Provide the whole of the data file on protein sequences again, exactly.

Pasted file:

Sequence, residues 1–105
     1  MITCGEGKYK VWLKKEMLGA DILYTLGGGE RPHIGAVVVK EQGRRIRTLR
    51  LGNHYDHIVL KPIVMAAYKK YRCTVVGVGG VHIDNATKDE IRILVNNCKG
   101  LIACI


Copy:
Sequence, residues 1–105
     1  MITCGEGKYK VWLKKEMLGA DILYTLGGGE RPHIGAVVVK EQGRRIRTLR
    51  LGNHYDHIVL KPIVMAAYKK YRCTVVGVGG VHIDNATKDE IRILVNNCKG
   101  LIACI